Methods in enzymology

Formation and reactions of sulfenic acid in human serum albumin.

PMID 20513474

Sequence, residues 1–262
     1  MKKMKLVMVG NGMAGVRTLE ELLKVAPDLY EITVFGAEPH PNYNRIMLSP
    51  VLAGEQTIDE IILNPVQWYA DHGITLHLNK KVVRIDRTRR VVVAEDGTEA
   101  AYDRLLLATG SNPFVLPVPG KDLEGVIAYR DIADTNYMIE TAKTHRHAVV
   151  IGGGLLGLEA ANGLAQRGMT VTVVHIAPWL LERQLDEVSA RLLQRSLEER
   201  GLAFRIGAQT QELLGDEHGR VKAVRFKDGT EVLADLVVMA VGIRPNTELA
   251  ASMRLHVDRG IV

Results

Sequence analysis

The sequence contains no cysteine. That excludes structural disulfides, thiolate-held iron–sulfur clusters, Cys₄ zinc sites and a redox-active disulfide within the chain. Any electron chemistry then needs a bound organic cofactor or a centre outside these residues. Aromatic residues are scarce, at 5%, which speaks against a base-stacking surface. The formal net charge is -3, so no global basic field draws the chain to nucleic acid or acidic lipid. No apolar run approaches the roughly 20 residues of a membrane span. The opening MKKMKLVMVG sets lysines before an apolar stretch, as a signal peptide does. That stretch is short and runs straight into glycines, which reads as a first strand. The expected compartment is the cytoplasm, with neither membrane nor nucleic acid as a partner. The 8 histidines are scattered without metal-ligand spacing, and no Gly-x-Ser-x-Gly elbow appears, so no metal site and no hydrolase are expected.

Protein sulfenic acids (R-SOH) are receiving increased interest as intermediates in redox processes. Human serum albumin, the most abundant protein in plasma, possesses a single free thiol. We describe herein the different methodologies that we have employed to study the formation of sulfenic acid in this protein and characterize some of its properties, including reactions that lead to the formation of mixed disulfides and the sulfinic acid derivative. The thiol of albumin is oxidized by hydrogen peroxide and peroxynitrite to a relatively stable sulfenic acid, which can be detected through different strategies including reduction with sodium arsenite and reaction with glutathione. Dimedone trapping followed by mass spectrometry analysis confirmed the modification. The challenge of obtaining quantitative data regarding albumin sulfenic acid has been approached using the yellow thiol thionitrobenzoate. A careful analysis has led to the determination of the rate constants of the reactions of sulfenic acid with analytical probes and with possible biological targets such as plasma thiols, which lead to mixed disulfides, and hydrogen peroxide, which overoxidizes the sulfenic to sulfinic acid. Our results support the concept that sulfenic acid is a central intermediate in the formation of oxidized albumin species that are present in circulating albumin and increase under pathological conditions.